Last week, some of the Elysée Wednesday mob (Larry Crane, Jeanetta Dumouchel, Chad Glass, Kenny Lombino and Scott McClure) convened at the home of Matthew Ettinger--former Ferrari Owners Club president and owner of many Ferraris including the famous Breadvan--to get an exclusive look at Matthew's legendary collection of Shell Oil memorabilia and promotional items.
I've had the pleasure of visiting the collection on a few occasions but, as it is rumored to be going onto the auction block, I thought the group might appreciate the opportunity to see it up close while it still occupied its rather unusual place in Matthew's home.
To see the collection, one must summons a hidden elevator that rises out of the floor to reveal itself. Two at a time, we descended to the sanctum sanctorum
to view what is, in fact, an impressive museum of Shell history as told by the vast assortment of toy trucks, miniature gas stations, oi cans, oil dispensers and advertising artifacts.
One would not have been surprised to learn that the collection had been assembled by Shell Oil Company, but it was not. It is exclusively the work and dedication of Matthew who has diligently pursued the rarest of items to include in the collection.
Having taken our time pouring over the collection--there really is far too much to take assimilate in just one visit--we returned to ground level through the secret elevator and it became story time as is usual when EW members congregate.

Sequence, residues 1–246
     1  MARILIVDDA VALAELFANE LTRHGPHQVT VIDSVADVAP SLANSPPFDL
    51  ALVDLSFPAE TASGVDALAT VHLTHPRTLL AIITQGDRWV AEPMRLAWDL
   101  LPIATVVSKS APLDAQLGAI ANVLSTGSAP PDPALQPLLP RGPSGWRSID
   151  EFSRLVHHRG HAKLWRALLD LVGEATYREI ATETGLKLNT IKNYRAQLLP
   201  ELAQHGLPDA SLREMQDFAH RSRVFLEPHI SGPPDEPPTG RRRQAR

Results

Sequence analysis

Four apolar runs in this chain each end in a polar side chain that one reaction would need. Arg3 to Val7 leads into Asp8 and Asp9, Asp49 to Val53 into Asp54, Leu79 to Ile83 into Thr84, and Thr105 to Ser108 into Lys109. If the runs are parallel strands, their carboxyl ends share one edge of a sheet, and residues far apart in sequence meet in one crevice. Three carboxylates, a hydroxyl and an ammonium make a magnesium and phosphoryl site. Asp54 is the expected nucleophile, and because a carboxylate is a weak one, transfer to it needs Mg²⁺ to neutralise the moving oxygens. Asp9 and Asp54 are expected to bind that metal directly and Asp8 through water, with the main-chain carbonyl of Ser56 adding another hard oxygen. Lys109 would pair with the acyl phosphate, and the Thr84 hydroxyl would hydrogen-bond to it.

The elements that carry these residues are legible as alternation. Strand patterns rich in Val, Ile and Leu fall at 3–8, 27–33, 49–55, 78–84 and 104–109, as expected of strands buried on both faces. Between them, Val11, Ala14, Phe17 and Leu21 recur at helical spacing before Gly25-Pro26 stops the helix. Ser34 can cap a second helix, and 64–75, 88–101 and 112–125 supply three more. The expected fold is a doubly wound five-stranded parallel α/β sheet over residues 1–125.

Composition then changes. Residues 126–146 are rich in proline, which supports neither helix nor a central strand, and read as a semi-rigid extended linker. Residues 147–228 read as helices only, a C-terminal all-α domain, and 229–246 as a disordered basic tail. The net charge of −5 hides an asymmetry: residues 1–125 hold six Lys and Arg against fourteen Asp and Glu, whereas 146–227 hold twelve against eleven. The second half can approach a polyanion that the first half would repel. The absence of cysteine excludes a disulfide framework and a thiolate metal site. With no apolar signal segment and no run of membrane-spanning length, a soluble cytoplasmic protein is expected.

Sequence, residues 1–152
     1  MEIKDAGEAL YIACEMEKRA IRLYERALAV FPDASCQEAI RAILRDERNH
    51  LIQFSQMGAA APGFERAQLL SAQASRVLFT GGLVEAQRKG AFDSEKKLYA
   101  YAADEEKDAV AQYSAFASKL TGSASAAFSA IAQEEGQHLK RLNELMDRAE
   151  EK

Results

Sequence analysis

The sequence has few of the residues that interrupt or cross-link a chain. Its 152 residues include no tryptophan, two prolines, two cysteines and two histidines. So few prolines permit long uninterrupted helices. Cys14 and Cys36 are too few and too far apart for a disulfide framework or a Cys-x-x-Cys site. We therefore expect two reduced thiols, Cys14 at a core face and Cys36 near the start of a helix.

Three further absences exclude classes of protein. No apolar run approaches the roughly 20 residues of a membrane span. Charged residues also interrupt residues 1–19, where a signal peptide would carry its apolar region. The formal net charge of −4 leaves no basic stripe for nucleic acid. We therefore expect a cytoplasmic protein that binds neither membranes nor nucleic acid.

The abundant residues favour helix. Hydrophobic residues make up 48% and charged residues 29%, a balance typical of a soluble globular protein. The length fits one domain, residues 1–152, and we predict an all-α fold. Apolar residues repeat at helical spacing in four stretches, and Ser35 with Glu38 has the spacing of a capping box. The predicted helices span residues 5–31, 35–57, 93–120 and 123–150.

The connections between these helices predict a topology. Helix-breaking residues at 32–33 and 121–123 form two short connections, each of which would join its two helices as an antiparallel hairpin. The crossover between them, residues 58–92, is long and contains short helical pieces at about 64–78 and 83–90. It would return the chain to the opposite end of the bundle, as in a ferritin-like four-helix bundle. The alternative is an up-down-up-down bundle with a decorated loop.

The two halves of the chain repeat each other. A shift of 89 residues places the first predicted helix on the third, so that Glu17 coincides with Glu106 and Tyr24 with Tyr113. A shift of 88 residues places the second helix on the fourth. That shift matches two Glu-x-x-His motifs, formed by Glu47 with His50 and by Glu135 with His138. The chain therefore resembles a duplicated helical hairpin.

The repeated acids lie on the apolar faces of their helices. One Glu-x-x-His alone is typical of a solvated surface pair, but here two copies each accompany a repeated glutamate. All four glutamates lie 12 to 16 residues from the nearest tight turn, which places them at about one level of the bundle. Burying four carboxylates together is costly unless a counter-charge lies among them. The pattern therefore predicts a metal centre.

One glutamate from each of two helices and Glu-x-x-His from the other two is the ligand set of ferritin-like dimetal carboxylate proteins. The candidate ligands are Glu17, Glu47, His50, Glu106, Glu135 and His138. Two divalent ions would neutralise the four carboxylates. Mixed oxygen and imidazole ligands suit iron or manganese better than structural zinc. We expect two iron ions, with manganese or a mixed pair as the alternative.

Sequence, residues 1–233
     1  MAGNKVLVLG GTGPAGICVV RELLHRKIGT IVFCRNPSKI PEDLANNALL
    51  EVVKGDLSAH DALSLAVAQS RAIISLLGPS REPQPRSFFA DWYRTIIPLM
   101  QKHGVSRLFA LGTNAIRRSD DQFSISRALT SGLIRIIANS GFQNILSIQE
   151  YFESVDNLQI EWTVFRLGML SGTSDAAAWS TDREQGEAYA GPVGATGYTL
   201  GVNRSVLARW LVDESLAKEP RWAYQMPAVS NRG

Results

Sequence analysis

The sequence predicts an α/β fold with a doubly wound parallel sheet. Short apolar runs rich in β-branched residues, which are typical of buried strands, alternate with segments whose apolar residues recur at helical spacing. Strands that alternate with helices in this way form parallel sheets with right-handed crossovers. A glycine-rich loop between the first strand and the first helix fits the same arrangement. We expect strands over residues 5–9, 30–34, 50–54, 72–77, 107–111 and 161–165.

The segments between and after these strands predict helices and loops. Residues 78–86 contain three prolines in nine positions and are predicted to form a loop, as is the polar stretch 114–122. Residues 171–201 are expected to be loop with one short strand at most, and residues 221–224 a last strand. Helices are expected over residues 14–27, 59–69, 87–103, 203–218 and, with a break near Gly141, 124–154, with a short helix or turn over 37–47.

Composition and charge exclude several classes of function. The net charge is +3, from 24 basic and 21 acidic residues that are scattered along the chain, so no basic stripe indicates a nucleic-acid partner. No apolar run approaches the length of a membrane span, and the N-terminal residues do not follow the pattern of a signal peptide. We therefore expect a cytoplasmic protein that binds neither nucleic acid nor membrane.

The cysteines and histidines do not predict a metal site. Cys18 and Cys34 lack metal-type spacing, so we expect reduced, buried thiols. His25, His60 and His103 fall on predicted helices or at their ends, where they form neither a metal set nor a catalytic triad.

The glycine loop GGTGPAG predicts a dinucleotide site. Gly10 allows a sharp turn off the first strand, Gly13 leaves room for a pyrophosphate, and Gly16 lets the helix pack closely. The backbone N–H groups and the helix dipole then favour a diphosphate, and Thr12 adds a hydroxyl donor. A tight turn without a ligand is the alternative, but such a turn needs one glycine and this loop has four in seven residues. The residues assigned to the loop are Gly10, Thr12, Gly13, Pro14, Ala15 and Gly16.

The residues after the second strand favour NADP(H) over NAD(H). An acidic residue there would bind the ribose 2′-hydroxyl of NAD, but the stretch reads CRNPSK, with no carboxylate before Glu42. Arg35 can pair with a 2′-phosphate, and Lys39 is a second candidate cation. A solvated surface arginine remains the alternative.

Everyone told a story or two but it was Matthew who took center stage and held everyone spellbound with his accounts of near arrest by the East German police, lunch with Enzo Ferrari, a very unusual FOC board meeting held at Matthew's hospital bedside and a stream of nostalgic consciousness that must be heard to be believed.
Larry Crane brought along some items of interest as part of the show-and-tell--notably, a photo portrait of Enzo Ferrari that Larry shot at the factory in Maranello during a very exclusive press conference.
All in all, it was a very enjoyable afternoon and one left with the feeling that such interesting and passionate friends are a veritable treasure. I also took away with me the sentiment that I wish Matthew would keep the collection and not offer it up for sale. This according to the doctrine of Never Sell Anything.